Yes! Seize Eternity and eternal rewards of being with this incomparable God Almighty! He has your best plan charted out, even if today is just as routine as the last. The difference is is that God is in it, and behind it, and is with you always.
Thursday, May 15, 2008
When we think of missions many of imagine living in a straw hut or a jungle somewhere. In this 2nd video by my friend Rudy V., we see that in today's shrinking world, cross-cultural missionary work can be done from almost any place on the planet. In Germany you can reach Germans and you can reach Africans. I want to encourage you to think about how you can be a cross-cultural missionary in the place where God has called you to live. God is too big to be limited to one culture or ethnicity.
Wednesday, May 14, 2008
Monday, May 12, 2008
I just listened to Piper's message on the atonement. Though the title says, "Part 7 - Limited Atonement", it simply blew the doors open on my "little" limited view of the atonement! What Jesus did on the cross brings people to and is in and of itself the main thing in the entire universe! What Jesus did on the cross is for everyone in the entire world (yes, YOU!) who would believe and is actually effective for those who do believe. If you are unsure of Calvinism and Arminianism, or have never studied these important issues at all, this is the place to start seeing some answers.
Click here and go to part 7.
The glue that holds us together
(From a friend)
And then I lost my breath. And it wasn't because I was running my treadmill, either
It was because he started talking about laminin. I knew about laminin. Here is how wikipedia describes them :
"Laminins are a family of proteins that are an integral part of the structural scaffolding of basement membranes in almost every animal tissue." You see....laminins are what hold us together....LITERALLY.
They are cell adhesion molecules. They are what holds one cell of our bodies to the next cell. Without them, we would literally fall apart. And I knew all this already. But what I didn't know is what laminin LOOKED LIKE.
But now I do.
And I have thought about it a thousand times since (already)....
Here is what the structure of laminin looks like...AND THIS IS NOT a "Christian portrayal" of it....if you look up laminin in any scientific/medical piece of literature, this is what you will see...
Now tell me that our God is not the coolest!!! Amazing.
The glue that holds us together....ALL of us....is in the shape of the cross.
Immediately Colossians 1:15-17 comes to mind.
"He is the image of the invisible God, the firstborn over all creation.
whether thrones or powers or rulers or authorities; all things were created by him and for him. He is before all things, and in him all things HOLD TOGETHER. “ Colossians 1:15-17
Call me crazy. I just think that is very, very, very cool.
Thousands of years before the world knew anything about laminin, Paul penned those words. And now we see that from a very LITERAL standpoint, we are held together...one cell to another....by the cross.< /B>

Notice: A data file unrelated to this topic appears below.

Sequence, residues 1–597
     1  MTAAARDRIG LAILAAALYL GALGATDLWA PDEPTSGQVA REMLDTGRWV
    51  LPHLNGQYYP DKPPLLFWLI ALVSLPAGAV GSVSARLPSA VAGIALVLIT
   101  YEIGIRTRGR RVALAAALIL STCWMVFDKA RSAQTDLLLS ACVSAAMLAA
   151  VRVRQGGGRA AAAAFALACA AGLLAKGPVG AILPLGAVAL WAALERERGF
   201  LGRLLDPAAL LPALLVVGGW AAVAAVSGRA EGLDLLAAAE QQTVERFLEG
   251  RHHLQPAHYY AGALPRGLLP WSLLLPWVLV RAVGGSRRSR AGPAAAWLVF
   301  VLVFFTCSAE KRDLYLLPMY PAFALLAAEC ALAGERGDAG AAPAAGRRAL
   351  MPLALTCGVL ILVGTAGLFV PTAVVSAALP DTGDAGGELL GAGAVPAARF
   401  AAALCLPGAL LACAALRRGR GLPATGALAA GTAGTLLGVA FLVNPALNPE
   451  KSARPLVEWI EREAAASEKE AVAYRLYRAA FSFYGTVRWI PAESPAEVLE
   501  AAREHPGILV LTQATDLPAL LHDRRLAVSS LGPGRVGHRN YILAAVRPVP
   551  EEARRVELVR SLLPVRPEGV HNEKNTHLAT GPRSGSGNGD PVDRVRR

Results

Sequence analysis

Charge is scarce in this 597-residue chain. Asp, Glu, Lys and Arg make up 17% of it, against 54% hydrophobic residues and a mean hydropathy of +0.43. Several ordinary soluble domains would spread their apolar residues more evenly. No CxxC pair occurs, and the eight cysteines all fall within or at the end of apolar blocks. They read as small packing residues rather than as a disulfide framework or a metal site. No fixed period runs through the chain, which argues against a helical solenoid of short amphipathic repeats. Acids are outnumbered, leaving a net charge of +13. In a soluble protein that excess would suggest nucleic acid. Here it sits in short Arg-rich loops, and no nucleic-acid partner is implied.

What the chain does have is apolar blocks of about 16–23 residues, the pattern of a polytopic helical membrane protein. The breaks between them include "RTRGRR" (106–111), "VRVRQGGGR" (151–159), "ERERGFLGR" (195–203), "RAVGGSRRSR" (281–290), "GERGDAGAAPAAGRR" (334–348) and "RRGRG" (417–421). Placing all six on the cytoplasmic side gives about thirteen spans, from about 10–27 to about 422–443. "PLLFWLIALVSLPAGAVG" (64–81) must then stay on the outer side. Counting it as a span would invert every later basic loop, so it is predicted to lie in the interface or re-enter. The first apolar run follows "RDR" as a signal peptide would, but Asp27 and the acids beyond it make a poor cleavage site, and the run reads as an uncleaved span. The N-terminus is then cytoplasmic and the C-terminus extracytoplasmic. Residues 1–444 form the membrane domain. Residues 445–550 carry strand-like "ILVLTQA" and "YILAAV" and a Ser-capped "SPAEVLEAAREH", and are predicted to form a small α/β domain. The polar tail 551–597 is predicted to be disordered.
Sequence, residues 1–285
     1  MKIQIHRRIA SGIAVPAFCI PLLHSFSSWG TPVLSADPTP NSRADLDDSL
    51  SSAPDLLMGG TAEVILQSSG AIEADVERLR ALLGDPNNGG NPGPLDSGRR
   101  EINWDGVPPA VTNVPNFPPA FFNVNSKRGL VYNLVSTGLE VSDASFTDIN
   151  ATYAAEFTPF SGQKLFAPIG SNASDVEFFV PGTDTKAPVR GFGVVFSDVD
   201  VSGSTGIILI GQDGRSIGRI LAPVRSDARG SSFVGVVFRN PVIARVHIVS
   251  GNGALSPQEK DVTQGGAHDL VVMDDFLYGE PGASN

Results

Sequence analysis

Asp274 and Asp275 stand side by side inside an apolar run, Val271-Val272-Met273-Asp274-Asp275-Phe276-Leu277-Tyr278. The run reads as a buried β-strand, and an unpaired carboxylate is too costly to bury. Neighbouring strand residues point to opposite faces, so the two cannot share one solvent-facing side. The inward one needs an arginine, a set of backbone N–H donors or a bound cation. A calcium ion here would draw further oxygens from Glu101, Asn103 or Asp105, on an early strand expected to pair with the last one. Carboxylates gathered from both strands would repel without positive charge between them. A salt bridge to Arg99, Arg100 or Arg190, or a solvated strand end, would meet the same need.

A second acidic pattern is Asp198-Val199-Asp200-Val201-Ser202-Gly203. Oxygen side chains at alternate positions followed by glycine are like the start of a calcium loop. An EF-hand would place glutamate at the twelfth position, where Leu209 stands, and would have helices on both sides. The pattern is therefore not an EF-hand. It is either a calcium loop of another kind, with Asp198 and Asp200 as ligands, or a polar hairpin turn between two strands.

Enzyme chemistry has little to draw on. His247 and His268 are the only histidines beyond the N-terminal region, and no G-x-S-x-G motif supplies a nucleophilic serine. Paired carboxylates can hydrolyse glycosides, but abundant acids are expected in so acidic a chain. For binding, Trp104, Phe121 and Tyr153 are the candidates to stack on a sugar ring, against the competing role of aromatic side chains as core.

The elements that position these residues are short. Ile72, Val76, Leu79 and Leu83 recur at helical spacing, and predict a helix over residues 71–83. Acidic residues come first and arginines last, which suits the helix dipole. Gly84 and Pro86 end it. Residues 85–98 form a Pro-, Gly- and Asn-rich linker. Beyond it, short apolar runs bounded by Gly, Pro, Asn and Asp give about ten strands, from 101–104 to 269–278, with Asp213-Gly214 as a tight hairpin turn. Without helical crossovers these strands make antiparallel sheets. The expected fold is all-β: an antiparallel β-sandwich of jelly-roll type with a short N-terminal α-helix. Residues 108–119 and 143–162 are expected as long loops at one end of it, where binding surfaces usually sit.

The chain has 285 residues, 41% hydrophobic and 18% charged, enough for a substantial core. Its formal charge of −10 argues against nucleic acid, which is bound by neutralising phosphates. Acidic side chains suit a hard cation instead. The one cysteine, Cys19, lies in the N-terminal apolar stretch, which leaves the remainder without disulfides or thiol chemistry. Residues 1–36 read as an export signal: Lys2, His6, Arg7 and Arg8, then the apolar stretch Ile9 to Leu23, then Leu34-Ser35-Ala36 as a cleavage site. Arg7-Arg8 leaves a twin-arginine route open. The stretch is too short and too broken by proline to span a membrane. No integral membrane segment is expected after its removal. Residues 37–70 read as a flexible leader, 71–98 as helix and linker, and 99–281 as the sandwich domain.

You would never in a quadrillion years convince me that is anything other than the mark of a Creator who knew EXACTLY what laminin "glue" would look like long before Adam even breathed his first breath!!
We praise YOU, Lord !!!!!!!!!!!!!!!!!!
Sunday, May 11, 2008
"The Land of Disappearing Children" -- Japan's Population Crisis
Posted: Thursday, May 08, 2008 at 4:56 am ET
by Al Mohler
The nation of Japan faces a devastating population crisis. The crisis, however, is not a problem of too many people living in Japan, but too few. Japan, with several other nations close behind, faces what we might call a population implosion.
Indeed, Japan has experienced 27 consecutive years of declining birth rates. Within just a few short years the nation will experience massive social problems and a complete breakdown of economic activity.
In previous eras, this kind of population loss would be explained by war or some natural catastrophe such as famine or the plague. None of these explanations is relevant to Japan's experience, however. As a matter of fact, the population of Japan actually grew during World War II, only to start falling in the early 1980s.
As The Washington Post reports:
The number of children has declined for 27 consecutive years, a government report said over the weekend. Japan now has fewer children who are 14 or younger than at any time since 1908.
The proportion of children in the population fell to an all-time low of 13.5 percent. That number has been falling for 34 straight years and is the lowest among 31 major countries, according to the report. In the United States, children account for about 20 percent of the population.
Japan also has a surfeit of the elderly. About 22 percent of the population is 65 or older, the highest proportion in the world. And that number is on the rise. By 2020, the elderly will outnumber children by nearly 3 to 1, the government report predicted. By 2040, they will outnumber them by nearly 4 to 1.
The numbers tell the story. Almost a quarter of Japan's population is 65 and older; only 13.5 percent are children. The inescapable conclusion is that there will soon not be enough Japanese to keep Japan functioning as a nation, society, and culture.
The paper calls the reality "a slow-motion demographic catastrophe that is without precedent in the developed world." Looking ahead, the paper assured its readers that it was not overstating the case. Indeed, "The economic and social consequences of these trends are difficult to overstate."
The Japan Center for Economic Research predicts that Japan will lose 70 percent of its workers by mid-century. Japan may now be the world's second-largest economy, but it cannot retain that status with a population in severe decline.